Friday, May 4, 2012

Stillness, and vortexes

In the last post, I mentioned that for centers to work together in what Gurdjieff called “three centered being,” it's first of all necessary for centers to be balanced within themselves. This may sound peculiar, but if a center does not have the right balance and relationship within itself, it can't form a right balance  outside itself, that is, with other centers.

 Each of the principle centers, or “brains”—that is to say, perceptive intelligences of man—referred to in the expression “three brained beings” has, in and of itself, three parts. That is to say, our emotional or feeling part has an emotional, and intellectual, and a moving part. This is true of all of the seven centers in man—the five lower centers, and the two higher centers.

Each one of these centers has an inherent energy in it, which is conceived of in Yogic tradition as "spinning." There is a constant inner motion, and unless all three of the parts are in the right relationship with one another, all participating in the work of the center equally, the center is not balanced. We can think of it much like a piece of clay on a potter's wheel which is not properly centered.

When a piece of clay is properly centered,  all of the off-center movement in the clay ceases, and it appears to become still, even though it is rotating at a high rate of speed. When, in yoga, the aim is stated as the "cessation of spinning" in the chakras, it actually means the achievement of balance within the centers, whereby motion appears to cease. While each of the centers, within its own internal structure,  is balanced by the law of three and "rotates" under the law of seven— yes, even the individual centers have an essence, a personality, and a part that sees within themselves—all seven of man's centers come into relationship with one another under the law of seven.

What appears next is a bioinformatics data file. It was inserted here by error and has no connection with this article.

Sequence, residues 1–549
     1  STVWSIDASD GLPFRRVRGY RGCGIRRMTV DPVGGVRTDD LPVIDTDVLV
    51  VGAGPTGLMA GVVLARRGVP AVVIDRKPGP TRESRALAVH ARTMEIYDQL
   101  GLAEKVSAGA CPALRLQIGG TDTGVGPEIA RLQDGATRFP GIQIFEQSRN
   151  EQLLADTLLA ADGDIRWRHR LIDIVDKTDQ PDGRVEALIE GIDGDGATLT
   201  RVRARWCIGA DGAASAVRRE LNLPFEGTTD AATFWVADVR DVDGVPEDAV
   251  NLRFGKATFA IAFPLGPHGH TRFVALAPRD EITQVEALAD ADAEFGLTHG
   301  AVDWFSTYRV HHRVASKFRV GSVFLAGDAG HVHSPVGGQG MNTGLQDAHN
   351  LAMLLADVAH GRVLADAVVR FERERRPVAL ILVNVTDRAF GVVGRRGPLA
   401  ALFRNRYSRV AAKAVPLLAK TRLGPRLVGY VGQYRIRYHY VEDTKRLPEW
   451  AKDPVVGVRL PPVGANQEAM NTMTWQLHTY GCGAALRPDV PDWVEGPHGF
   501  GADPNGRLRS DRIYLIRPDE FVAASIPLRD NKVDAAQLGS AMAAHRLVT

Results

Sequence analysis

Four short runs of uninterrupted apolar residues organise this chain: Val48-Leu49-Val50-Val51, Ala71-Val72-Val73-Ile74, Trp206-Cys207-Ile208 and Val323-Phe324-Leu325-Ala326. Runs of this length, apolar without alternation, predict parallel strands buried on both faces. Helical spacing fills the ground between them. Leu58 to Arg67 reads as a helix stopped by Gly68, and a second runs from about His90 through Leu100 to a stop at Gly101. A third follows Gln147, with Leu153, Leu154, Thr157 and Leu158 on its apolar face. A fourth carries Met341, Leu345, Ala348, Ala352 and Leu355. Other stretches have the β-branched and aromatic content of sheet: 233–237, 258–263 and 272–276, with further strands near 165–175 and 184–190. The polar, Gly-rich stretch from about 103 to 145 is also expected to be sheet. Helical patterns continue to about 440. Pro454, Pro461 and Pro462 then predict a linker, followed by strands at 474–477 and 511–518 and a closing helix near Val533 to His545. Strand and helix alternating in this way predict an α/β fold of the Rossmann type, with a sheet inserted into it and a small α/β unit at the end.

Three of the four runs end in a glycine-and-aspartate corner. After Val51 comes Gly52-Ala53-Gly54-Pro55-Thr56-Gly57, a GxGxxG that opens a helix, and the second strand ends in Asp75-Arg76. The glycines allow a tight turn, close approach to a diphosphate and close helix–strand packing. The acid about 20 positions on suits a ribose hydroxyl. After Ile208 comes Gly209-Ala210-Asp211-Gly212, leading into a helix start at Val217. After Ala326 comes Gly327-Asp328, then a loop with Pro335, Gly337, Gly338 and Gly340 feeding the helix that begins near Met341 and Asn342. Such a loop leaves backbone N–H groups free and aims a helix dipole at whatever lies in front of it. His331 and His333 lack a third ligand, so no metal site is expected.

If the centers become “still”—perfectly balanced—they cease to interfere with the energy passing through them, because it does not bleed off in erratic movement when it enters the center. The center has, so to speak, “completed its own octave," or become transparent (still.) This causes it to cease offering resistance to energy seeking to pass through it.

The whirling dervishes seek to emulate this particular condition by achieving perfect balance when they spin. The entire dervish practice is in fact, for all practical purposes, a visual expression of the achievement of perfect stillness within the centers, leading to a completed octave.

Keeping this in mind, understand that when one experiences a center which is properly balanced, the sensation is that it becomes quite still. Its center of gravity shifts to the center of the center, so to speak, and instead of wobbling, it stands upright within itself. This produces a specific sensation in the body, which can be called inner gravity. Gurdjieff's movements have the potential to produce this effect, most particularly in the body, but also in the intellect and the emotions, if they are engaged in in a right way, and the correct energy participates. Each of the centers develops a specific gravity of its own if it becomes more balanced. These effects are quite tangible, and not in the least psychological.